Barát in Hungarian:I know that Sanskrit has had a strong influence in the Indonesian area so it's likely not a coincidence but at least Wiktionary doesn't mention it in the etymology of barat:
Hindi (and mutatis mutandis other Indian languages): भारत bhārat "India"
Malay (and mm other Malayo-Polynesian languages): barat "west" (India is located to the west of these languages)
Hungarian: baba= Eng. baby.Japanese: 婆(baba) - grandma
Russian: баба - grandma
Polish: baba - grandma
It seems likely that fora and the first syllable of Eng. foreign are of the same origin (foreign < Latin foraneus "on the outside, exterior" < Lat. foris "door"; cf. Spanish fuera "outside (of)", etc.).English vs Sardinian
- Fora 'e regnu = abroad; Contracted form of "Fora de Regnu" = out of kingdom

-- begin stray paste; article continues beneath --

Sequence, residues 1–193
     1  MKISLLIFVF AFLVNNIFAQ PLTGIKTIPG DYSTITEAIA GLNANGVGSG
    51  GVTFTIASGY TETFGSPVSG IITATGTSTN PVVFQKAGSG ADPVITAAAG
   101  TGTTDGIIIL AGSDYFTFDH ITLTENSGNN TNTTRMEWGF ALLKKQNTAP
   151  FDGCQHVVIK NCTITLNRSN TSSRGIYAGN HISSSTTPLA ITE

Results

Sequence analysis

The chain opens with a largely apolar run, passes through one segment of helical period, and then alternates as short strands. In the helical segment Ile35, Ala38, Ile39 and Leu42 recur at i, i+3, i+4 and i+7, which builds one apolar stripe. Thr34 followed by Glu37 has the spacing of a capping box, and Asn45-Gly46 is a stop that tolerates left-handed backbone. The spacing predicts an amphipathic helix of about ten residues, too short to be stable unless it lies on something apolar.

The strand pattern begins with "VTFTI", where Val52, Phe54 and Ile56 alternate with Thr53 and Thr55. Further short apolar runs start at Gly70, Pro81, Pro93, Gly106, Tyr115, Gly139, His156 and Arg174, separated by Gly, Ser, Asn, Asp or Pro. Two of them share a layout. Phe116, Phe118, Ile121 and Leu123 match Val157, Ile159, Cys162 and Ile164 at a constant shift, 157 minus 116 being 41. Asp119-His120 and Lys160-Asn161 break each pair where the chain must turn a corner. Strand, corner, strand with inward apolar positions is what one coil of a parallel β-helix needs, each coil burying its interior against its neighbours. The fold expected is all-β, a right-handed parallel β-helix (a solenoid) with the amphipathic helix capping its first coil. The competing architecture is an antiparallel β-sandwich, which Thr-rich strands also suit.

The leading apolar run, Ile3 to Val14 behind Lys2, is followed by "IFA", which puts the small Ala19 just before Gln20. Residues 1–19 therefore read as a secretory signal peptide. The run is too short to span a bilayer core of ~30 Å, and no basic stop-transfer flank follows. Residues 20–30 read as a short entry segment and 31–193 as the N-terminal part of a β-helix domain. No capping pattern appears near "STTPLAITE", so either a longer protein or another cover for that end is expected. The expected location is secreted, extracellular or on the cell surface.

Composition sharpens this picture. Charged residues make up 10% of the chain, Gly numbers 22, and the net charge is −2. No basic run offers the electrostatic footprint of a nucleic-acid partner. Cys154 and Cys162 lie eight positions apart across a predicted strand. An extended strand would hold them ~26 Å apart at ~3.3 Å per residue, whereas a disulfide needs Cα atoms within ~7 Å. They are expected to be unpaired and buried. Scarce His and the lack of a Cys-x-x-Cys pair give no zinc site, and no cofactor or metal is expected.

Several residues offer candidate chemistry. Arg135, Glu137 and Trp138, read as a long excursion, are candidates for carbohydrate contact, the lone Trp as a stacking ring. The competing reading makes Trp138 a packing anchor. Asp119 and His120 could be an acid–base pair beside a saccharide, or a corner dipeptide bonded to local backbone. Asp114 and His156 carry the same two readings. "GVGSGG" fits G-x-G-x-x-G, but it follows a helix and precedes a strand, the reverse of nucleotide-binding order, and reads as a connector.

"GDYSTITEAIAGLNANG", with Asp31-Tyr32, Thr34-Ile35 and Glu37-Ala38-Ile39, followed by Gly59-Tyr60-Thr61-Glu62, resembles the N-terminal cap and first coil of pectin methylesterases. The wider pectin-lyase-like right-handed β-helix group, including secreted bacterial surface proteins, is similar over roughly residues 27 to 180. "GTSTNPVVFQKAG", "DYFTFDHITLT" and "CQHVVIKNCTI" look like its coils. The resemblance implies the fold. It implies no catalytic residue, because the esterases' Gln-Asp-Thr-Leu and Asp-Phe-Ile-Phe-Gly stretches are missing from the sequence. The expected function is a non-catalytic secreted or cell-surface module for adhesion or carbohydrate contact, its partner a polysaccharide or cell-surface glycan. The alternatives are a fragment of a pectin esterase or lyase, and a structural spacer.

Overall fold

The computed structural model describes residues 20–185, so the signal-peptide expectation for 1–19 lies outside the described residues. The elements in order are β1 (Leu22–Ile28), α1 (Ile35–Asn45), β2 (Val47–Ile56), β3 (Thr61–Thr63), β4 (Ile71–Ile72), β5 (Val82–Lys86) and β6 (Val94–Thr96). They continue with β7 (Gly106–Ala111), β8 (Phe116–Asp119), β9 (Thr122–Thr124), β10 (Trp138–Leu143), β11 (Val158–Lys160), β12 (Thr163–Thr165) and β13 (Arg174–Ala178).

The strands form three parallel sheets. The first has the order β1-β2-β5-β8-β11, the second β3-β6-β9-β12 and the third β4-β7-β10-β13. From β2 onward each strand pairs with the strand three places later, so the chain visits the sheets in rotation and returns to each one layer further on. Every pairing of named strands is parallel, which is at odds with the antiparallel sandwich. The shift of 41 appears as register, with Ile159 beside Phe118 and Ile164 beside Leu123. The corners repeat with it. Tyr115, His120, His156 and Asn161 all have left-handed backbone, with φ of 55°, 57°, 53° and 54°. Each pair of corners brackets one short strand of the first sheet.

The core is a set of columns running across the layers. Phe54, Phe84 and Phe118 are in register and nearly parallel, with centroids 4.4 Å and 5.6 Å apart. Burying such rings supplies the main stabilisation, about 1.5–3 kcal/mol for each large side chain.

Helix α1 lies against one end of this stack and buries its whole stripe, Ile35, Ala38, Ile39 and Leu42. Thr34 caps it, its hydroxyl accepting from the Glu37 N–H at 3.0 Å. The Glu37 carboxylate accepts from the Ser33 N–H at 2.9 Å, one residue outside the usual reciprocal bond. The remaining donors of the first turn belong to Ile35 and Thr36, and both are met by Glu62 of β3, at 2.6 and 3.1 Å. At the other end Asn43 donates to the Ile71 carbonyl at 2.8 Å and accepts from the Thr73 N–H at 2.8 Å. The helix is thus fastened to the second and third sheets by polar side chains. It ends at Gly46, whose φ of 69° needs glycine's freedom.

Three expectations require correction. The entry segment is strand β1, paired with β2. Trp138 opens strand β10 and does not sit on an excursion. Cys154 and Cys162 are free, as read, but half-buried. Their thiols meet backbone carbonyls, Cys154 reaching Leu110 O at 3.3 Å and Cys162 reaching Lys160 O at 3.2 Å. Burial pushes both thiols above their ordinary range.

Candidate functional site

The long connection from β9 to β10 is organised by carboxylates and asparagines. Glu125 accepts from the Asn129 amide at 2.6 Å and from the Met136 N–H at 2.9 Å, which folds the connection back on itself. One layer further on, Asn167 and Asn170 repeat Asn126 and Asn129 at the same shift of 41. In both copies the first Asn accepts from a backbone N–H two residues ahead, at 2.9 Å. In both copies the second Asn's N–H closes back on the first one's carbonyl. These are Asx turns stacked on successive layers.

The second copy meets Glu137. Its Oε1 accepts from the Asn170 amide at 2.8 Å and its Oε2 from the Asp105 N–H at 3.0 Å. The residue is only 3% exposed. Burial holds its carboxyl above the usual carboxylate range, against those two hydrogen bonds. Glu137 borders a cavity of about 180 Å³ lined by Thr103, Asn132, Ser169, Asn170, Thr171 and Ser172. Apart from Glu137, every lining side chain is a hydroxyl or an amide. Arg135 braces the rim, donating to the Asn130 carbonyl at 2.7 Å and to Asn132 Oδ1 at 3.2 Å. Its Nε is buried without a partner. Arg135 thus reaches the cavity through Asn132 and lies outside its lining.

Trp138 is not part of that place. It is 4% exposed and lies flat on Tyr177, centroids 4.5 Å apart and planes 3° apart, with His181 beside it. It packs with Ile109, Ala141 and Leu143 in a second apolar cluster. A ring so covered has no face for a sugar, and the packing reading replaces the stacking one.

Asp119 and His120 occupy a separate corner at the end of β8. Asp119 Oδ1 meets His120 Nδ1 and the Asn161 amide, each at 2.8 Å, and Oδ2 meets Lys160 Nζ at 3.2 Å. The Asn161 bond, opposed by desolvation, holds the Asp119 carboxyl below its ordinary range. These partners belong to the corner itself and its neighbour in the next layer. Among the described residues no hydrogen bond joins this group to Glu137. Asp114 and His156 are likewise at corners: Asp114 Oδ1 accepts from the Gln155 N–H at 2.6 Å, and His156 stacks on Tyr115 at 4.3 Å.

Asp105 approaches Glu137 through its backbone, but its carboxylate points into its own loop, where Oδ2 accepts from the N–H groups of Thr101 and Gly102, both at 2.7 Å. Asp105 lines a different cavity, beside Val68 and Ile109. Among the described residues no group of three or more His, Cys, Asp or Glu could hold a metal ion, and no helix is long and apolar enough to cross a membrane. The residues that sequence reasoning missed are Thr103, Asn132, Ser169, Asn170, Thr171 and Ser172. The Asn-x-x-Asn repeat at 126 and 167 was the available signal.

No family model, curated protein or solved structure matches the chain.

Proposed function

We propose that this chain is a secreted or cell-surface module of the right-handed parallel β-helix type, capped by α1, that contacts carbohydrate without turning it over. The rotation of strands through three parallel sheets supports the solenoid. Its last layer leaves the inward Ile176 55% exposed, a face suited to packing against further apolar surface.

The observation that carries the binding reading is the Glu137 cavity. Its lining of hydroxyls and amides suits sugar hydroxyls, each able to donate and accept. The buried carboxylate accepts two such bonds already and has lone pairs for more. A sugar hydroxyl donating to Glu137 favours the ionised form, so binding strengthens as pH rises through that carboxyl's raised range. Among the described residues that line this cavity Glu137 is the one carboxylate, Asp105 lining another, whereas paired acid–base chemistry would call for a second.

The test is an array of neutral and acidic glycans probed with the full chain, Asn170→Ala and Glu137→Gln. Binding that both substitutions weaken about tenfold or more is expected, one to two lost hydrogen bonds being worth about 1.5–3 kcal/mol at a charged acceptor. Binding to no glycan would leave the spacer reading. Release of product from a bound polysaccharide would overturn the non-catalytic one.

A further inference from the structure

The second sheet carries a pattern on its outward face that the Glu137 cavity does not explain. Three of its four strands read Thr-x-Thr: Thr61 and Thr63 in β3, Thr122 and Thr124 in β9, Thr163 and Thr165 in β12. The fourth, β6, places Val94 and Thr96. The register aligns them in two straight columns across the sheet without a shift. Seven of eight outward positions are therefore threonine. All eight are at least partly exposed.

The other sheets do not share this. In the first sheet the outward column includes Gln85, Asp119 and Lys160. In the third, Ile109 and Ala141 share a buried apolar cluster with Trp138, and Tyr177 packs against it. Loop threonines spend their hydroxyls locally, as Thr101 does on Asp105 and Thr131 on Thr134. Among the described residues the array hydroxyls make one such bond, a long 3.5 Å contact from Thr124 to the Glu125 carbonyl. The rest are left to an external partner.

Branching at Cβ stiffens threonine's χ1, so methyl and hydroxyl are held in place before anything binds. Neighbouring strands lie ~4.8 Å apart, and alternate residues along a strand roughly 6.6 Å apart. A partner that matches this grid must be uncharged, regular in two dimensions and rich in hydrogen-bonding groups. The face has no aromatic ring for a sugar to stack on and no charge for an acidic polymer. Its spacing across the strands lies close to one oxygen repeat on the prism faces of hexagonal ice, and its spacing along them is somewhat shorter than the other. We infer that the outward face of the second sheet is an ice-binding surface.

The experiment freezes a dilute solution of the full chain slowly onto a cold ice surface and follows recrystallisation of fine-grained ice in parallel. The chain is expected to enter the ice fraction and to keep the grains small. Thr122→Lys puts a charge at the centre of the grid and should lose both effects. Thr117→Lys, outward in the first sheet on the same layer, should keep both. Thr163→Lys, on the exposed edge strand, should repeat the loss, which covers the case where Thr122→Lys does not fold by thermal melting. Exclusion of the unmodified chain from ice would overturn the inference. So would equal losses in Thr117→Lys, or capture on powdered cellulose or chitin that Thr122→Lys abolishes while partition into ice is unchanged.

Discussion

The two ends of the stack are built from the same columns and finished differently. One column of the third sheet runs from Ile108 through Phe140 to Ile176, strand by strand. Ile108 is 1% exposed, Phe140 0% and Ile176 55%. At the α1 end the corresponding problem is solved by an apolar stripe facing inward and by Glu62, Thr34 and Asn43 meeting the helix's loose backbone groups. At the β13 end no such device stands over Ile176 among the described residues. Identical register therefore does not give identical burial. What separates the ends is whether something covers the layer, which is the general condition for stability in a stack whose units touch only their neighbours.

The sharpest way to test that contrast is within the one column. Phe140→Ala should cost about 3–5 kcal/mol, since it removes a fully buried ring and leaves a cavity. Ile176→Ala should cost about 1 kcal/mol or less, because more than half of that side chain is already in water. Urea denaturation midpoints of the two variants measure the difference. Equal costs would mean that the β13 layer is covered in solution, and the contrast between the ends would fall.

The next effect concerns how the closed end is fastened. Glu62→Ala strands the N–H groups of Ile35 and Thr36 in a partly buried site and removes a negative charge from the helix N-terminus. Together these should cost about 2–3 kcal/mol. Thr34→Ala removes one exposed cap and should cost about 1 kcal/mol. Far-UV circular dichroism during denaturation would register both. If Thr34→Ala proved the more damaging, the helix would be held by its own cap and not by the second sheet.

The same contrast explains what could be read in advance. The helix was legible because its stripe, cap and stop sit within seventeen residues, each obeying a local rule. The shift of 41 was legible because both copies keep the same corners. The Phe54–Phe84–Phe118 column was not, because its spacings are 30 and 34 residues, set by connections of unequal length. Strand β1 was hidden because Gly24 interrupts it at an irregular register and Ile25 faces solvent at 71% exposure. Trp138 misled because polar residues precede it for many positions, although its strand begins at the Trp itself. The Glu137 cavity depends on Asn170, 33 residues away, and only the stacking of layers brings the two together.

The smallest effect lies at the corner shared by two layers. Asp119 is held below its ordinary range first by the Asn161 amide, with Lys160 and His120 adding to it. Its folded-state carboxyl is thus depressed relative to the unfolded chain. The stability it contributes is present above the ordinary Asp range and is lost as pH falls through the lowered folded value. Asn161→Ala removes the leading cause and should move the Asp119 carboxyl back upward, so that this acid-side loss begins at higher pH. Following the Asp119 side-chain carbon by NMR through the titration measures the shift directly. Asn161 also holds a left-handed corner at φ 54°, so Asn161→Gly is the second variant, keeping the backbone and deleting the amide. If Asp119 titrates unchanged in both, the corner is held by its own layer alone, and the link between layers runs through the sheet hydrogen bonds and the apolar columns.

Good one, except that the aC- part is probably of the same origin in both (Eng. achieve < Latin ad- "to" + cap- "head", whereas acchipire seems to be from Lat. accipere "receive, accept (etc.)", from ad- + capere "to take").Acchipire = same meaning of English; Pronounce "Akkipire" (the bold marks the accent)
English vs Sardinian
- Crisp (crunchy) - Crispu (biting, thorny, crackling)
- Muzzle (animal snout) Muzzighile (snout, face); the same word is present also in Corsican language as "Muccighile"
I don't know the etymology of these Sardinian words, but I really wonder if they have no connection to the corresponding English words.
English crisp is from Latin crispus "curled", and muzzle is apparently from Medieval Latin mūsum "snout", via French. Both Latin words look like very good candidates for being the originals of the Sardinian words above.
There's also Nahuatl teotl (root teo-), also "god" but unrelated to either.A thread in the EHL forum made me think of two words I had always thought that came from the same root:
Ancient Greek Ζεύς Zeús, Latin Deus and many other IE branches, from PIE *dyḗws "sky, god"
Ancient Greek θεός theós "God", from... well too complicated, from somewhere else